Pretty much, just make sure you get a good fit, and things like residue and fingerprints won't affect the temperature in any noticeable way. If you want to pretend you are a CSI agent and doing forensic prep on your CPU, that can be a fun hobby aspect to computing, but it won't help lower temps than if you just wipe it off.
I'm sure I wasn't the only one to do those kinds of tests, and you may well be thinking of another forum member, but I did happen to run some of those tests too. I posted them up in the Case and Cooling subforum in my H100 vs. NH-D14 thread.

There was a bunch of "myth busting" stuff we did towards the end of that thread, lots of good test suggestions from the community and so on.

The tests I think you are thinking of were the ones that involved this:



I unmounted a previously mounted HSF, did absolutely nothing to the existing TIM (left it where it was, all messy on both the IHS and the HSF), I then intentionally stuck my thumb into the TIM that was on the IHS leaving nice oils and skin cells, and to put a finishing test on the affair I pulled a hair out of my head and placed it on top of the IHS TIM as well D:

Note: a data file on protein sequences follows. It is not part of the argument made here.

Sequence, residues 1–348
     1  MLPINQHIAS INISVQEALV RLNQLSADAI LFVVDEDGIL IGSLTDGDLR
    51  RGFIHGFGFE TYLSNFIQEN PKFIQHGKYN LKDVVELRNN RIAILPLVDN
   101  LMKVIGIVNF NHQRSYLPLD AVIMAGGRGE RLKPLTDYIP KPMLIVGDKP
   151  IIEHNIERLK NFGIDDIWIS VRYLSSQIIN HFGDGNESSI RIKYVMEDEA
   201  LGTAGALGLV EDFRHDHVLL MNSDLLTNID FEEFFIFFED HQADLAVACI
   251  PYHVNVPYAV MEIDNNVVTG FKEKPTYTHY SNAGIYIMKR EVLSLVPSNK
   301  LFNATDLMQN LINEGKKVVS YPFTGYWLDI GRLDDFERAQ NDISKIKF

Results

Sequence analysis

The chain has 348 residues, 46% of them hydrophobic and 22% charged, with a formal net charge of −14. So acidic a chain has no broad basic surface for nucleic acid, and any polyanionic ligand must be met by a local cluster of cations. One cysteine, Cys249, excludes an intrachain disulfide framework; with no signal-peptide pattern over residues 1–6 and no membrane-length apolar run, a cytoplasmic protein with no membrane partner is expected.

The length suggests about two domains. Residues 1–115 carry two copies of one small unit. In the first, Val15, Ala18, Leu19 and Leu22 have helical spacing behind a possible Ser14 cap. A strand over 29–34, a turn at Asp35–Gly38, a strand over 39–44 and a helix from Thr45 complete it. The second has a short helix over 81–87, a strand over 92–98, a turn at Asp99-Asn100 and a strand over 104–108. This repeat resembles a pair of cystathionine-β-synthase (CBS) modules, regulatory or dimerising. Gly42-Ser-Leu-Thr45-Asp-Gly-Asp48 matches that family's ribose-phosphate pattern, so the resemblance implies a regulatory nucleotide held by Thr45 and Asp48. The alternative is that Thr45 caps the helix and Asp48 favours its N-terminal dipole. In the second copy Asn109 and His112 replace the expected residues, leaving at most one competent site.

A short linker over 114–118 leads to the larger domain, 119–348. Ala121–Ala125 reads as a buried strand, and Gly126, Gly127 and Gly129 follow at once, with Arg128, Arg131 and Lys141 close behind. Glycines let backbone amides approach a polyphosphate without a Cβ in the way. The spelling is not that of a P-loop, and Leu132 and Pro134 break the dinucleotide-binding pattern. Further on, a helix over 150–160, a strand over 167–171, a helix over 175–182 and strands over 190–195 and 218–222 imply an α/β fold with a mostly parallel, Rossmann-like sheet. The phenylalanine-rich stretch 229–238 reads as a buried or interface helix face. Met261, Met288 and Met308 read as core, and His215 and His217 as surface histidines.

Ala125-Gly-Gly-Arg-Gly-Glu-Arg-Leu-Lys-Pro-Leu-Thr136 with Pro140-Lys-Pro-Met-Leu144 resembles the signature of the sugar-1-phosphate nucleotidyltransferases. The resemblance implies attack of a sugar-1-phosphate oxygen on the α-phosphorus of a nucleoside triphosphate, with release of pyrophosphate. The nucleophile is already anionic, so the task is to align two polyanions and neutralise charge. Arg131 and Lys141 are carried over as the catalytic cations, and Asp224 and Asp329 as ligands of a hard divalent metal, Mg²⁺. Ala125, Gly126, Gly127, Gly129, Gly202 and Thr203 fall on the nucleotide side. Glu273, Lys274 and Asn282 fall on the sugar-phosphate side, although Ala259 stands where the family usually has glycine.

Then I remounted the H100, didn't add any fresh or new TIM, and fired up LinX to see just how bad the temperature degradation would be. (internet lore at the time would have had us believe this setup would catch fire, spawn a tsunami, and simultaneously give me and my unborn grandchildren liver cancer)

But...alas, surprisingly the results were hardly as catastrophically bad as expected. (see original posts here and here for the full story)



^ What we observed was that after having mounted/unmounted the same TIM no less than three times (without ever replacing the existing TIM), adding skin oils and thumbprints, and adding hair, the impact to the peak operating temperature for a 2600k at 5GHz (the biggest delta we could ever hope to observe would rear its ugly head here vs. at a lower clockspeed) was a paltry 5.5°C.

(that final temperature looks suspiciously close to the thermal throttling temp for the 2600k but I verified no throttling occurred during the entire test.)

So, it still goes without saying, keep your bodily excretions (oil, skin flakes, hair, etc) away from the TIM and the surface of the IHS...but at the same time it is not going to be the end of the world if you get a little sloppy and end up with some in there. In fact you probably won't even notice if you did.